In addition to Pirates Brands, he holds interests in other enterprises, including Energy Kitchen, a chain of healthy-eating restaurants in New York City and Kind Healthy Snacks, manufacturers of all-natural whole nut and fruit bars.
Throughout his career Repole has maintained an open-door policy with all of his employees, encouraging them to share their ideas, suggestions and concerns with him regardless of their position within the company. “If you talk the talk, you’ve got to walk the walk,” he remarked. “You have to lead by example. People are not afraid to tell me the truth or to tell me that I’m wrong. If anyone can show me that I’m wrong, and can tell me why, I’ll change on a dime.”
Many of his most senior executives are friends from Queens who have known, and in some cases grown up with, him for many years. Their relationships are uniformly ones of mutual loyalty and respect.
“I met Mike when I was eight years old,” noted Joseph Serventi, Vice President, Corporate Development at Pirates Brands. “He was a coach and counselor at the Forest Hills Community Center where my friends and I spent time. He was always like an older brother to me when I was eight, and here we are 23 years later and we still have that same kind of relationship in the business world. Working for Mike is sometimes a lot of pressure, but it’s always a lot of fun. He works hard and plays hard, and he’s instilled those values in all of us here at the company. If you know Mike, you know that he’s got a huge heart and he’s very loyal to his family, to his company, to St. John’s and even to his horses.”
“Mike will always do the right thing, especially when it comes to taking care of his employees,” agreed John Camus, Vice President, Operations at Pirates Brands. “I’ve known Mike for about 30 years; we were childhood friends. He’s really committed to making sure that everybody works hard and has fun. He’s totally driven to be the best and he sets a great example for all of us. I have to say that Mike brings out the best in everybody.”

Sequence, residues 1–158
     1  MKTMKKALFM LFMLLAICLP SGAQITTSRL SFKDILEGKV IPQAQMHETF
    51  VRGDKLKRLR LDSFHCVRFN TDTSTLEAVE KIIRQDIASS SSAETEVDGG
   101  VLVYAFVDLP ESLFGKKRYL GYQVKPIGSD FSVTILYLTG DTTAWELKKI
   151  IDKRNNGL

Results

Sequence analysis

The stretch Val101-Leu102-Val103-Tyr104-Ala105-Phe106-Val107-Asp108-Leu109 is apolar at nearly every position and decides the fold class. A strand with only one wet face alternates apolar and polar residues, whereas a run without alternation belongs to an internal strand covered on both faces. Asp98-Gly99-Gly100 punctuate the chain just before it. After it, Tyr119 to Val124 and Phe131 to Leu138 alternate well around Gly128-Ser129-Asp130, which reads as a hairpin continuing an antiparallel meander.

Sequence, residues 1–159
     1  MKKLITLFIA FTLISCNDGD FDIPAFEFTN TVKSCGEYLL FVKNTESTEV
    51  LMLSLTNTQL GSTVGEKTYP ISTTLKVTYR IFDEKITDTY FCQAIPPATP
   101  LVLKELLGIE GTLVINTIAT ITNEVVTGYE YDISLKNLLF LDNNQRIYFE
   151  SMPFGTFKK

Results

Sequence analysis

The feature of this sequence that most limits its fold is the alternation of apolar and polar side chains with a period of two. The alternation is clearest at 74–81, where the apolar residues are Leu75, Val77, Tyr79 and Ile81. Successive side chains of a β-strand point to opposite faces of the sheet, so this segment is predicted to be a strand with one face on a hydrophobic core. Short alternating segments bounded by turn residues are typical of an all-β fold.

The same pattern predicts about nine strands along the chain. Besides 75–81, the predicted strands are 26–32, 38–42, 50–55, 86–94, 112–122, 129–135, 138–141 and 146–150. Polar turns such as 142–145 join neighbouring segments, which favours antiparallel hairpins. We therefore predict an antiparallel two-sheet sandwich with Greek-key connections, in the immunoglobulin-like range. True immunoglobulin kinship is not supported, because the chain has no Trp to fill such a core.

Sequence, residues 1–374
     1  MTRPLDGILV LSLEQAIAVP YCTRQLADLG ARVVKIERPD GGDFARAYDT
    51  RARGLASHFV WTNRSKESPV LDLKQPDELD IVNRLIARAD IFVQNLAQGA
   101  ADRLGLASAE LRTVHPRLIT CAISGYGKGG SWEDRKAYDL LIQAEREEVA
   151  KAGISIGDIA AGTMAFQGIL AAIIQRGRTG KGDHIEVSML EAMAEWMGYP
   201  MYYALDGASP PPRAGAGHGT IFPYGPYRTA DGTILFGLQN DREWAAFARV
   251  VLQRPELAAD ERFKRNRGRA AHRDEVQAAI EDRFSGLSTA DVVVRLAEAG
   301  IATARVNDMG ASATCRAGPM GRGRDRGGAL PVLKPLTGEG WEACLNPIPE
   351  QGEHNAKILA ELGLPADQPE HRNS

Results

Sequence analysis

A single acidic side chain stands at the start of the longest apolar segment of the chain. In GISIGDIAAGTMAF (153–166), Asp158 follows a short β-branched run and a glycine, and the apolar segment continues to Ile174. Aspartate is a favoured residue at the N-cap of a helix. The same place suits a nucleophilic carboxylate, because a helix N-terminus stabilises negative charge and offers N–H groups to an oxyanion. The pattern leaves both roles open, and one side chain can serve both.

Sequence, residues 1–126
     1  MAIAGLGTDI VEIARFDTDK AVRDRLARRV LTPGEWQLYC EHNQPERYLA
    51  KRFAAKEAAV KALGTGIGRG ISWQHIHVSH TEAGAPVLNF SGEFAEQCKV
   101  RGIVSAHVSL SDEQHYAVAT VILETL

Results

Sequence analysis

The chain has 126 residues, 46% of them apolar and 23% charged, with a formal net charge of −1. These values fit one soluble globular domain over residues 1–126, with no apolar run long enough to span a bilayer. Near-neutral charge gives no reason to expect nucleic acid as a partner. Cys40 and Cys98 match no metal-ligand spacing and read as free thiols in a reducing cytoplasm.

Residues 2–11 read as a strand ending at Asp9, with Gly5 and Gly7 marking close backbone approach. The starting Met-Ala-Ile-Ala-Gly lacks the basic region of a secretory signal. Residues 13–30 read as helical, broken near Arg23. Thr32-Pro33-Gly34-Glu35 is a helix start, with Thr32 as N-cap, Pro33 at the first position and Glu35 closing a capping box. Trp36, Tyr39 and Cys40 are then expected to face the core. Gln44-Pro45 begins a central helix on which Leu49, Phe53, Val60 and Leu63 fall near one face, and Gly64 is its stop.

According to his wife, Maria, one of Repole’s most defining characteristics is his total honesty, both at home and in his social and business interactions. “Mike says what he wants,” she said. “He always tells it like it is because for him, that’s the only way. And it goes both ways. You can tell him anything you want, disagree with him as much as you want, and he’ll listen to what you have to say. He’s not thin-skinned and I’ve never known him to hold a grudge against anyone.”
Repole acknowledges that Maria has always been his strongest and most loyal supporter in everything he’s ever wanted to do. Where others dismissed his ideas as dreams, Maria saw it as a given that he would turn those dreams into reality. “I’ve totally supported him in everything he’s ever done,” she noted. “I’ve always believed in him, because I could see that he had a way of making his dreams come true. Mike is very quick and very competitive. He can do 19 things at once and at times it’s hard to keep up with him, but I’ve always had complete faith in him and totally believe in him.” The Repoles have been married since 1999.
Reflecting an ongoing love of sports that has always been another prominent characteristic of his personality, Repole is an avid and successful owner of thoroughbred racehorses. In 2009, the 51 wins of Repole Stables made him the leading racehorse owner in New York, and he also led the owners’ standings at Monmouth and the Meadowlands. Given his background, it’s not surprising that many of his horses are named after family members, including No Shopping Maria (named for his wife), Lights Off Annie (for his mother), Benny the Waiter (for his father) and Nonna Mia (for his grandmother). His racing silks are colored blue and orange, reflecting the colors of his beloved New York Mets.
“As a kid growing up, I was always fascinated with racing and trying to understand the information available about the various horses. For me, reading a racing form was like trying to predict the future – as much of an intellectual exercise as anything else. One of my courses for my major at St. John’s was Racetrack Management. Of course, I loved it!”